Wireless Rhapsody

January 12, 2007

One of my long-awaited desires, the celestial jukebox, is arriving in 2007, courtesy of RealNetworks and a handful of partners like iRiver, Samsung, and Nokia. Not only can these forthcoming iRiver players download subscription-based Rhapsody content over the air via Wi-Fi, but they also have other cool stuff built in like voice and line-in recording.

Why couldn’t Microsoft have done this with Zune? They better get cracking, the competition’s moving faster.

CES vs Jobs

January 12, 2007

Attended CES this year for work, and was one of those who felt like they went to the wrong party. While Apple was busy introducing what will inevitably be the most-talked-about product of the year (albeit vaporware at this point–they never used to do that!), Microsoft was busy acknowledging that the copy-restriction capabilities in Vista will in fact mean that you’ll probably have to buy new hardware–including an HDCP-compliant monitor–to play most forms of high-def video on a Vista PC.

I’m not sure that Peter Gutmann is completely right about Vista’s anticopying provisions ruining the entire computer industry, but Microsoft’s assurances to me in 2005–“oh, many content owners won’t even use these copy-protection provisions” (so then why did you build them in?) — are appearing more and more like desperate spin (formerly known as “bullshit.”) So Vista as home entertainment hub could be dead on arrival. Why buy a new $3,000 system when you can add individual, locked-down components (DVD player, HD cable set top box) to your existing system? Are benefits like being able to track your fantasy football players in real time while you watch the games and highlights really worth swapping out your whole system? (Of course, it won’t make a bit of difference to sales–every new consumer PC will come with Vista Home Premium whether you choose to use all the features in it or not.)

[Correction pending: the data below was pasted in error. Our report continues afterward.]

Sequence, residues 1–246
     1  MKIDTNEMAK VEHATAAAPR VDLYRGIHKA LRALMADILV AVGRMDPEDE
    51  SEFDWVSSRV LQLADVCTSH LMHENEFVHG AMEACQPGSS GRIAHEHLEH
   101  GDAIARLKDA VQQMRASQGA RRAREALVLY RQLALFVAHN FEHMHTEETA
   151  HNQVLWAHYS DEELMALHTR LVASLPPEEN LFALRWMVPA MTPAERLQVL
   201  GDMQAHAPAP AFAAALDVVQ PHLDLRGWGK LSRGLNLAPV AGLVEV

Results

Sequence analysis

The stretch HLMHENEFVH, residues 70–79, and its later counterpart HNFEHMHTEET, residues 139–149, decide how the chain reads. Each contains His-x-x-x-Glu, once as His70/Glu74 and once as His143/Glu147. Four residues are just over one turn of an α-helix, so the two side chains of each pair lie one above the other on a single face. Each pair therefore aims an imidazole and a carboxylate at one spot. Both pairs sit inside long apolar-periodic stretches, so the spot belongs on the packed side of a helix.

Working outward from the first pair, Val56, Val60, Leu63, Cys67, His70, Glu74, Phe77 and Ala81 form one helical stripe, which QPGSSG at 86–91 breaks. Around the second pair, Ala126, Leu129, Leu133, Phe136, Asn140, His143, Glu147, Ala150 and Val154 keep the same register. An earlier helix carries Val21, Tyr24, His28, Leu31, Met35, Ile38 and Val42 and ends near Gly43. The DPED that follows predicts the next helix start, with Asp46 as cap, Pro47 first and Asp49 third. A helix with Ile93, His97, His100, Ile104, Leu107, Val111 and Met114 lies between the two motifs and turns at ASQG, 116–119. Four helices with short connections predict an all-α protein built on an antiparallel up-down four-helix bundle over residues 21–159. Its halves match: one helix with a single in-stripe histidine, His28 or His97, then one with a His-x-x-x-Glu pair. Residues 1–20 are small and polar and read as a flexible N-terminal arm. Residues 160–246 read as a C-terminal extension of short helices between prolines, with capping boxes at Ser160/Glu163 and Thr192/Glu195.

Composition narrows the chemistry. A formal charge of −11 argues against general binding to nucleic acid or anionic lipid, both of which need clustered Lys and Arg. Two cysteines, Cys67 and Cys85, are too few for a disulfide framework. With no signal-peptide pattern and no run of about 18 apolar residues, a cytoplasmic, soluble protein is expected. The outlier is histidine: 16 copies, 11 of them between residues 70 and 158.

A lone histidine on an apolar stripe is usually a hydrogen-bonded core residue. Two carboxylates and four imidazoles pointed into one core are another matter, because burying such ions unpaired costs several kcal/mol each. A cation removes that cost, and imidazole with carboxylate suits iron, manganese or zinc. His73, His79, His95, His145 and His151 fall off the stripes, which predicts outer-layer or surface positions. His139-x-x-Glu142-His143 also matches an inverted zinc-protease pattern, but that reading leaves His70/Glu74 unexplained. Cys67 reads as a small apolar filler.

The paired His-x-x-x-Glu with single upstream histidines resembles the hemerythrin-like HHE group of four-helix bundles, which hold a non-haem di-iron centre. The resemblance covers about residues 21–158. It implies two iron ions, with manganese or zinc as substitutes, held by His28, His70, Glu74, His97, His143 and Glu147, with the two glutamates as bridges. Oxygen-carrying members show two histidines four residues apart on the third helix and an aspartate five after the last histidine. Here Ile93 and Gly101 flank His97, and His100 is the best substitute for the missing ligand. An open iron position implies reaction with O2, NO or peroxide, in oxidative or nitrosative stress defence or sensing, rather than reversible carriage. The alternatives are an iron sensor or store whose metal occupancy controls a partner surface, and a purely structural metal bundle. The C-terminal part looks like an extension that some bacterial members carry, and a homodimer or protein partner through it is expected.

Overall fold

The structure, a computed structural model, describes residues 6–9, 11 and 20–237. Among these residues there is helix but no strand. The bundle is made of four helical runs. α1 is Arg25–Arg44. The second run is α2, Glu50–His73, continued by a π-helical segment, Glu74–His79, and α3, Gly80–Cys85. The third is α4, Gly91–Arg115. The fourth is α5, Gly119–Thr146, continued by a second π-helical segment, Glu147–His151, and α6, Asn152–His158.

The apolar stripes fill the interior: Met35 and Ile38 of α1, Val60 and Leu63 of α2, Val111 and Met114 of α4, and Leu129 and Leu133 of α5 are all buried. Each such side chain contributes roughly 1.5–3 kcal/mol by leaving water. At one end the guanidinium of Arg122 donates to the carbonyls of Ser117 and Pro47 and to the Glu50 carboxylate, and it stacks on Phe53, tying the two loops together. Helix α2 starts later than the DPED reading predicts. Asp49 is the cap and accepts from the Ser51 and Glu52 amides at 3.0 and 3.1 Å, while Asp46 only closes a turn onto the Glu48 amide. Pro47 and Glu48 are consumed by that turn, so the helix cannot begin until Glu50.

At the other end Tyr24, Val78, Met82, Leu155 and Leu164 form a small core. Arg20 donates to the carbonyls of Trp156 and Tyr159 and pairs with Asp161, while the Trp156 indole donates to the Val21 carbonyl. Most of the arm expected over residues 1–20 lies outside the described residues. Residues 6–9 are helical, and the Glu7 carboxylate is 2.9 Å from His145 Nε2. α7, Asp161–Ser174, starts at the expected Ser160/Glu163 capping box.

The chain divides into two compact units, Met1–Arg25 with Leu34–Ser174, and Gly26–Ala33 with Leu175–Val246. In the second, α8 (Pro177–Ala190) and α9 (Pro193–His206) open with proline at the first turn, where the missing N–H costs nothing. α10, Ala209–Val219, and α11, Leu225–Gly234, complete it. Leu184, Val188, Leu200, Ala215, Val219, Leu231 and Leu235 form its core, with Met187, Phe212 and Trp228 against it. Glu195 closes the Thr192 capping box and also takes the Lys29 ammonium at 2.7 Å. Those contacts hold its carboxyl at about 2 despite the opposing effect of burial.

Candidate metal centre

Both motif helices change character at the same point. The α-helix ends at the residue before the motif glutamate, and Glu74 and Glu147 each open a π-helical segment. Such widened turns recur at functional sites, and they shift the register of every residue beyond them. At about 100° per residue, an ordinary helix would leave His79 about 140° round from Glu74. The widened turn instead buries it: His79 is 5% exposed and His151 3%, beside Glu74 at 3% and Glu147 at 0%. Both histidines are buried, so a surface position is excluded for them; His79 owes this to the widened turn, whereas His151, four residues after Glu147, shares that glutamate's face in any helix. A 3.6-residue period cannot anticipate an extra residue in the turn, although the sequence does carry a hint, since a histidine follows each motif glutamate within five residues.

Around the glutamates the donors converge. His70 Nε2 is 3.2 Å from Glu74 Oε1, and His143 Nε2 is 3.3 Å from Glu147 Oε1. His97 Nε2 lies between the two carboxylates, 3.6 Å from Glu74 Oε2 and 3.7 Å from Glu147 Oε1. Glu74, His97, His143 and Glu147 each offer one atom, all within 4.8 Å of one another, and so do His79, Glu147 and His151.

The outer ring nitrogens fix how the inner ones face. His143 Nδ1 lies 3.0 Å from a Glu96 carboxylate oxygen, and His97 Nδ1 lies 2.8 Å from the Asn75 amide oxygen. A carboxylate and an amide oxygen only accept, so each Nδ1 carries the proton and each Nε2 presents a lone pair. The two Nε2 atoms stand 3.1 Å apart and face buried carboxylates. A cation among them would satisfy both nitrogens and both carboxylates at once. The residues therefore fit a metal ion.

That said, Microsoft’s Home Server announcement was actually pretty interesting–automatic nightly backup, storage of all your digital media files, capacity only limited by the size of drives you add (HP’s hardware features four swappable drives, plus 4 USB connectors for additional drives), remote access via a URL (albeit tied into Windows Live Domains, which lets you register your own domain name via a third-party in Melbourne Australia, and was kludgey as hell when I tested it for Office Live), health monitoring of PCs on your network. They purposely left out firewall software, reasoning that you wouldn’t want to reconfigure your network, but simply add a storage device to it. They also left out security and auto updating, reasoning that a lot of people have laptops and want to be secure even when they’re not connected to the home network. Reasonable. ALso, it’s not a domain controller, which means you’ll still be using local accounts on each PC…essentially, it’s just a shared folder on a new box.

But the thing they haven’t announced yet, which will make it really attractive, is the price. Let’s just say cheaper than the cheapest PC. Priced more like a consumer electronics add-on.

Now, sure, as a friend pointed out to me, you can do similar things online. But most of those services have pretty low storage limits–25GB for the free version of MediaMax seemed to be the limit–and rely on you having a fast Internet connection. Personally, I’d rather rely on my home network.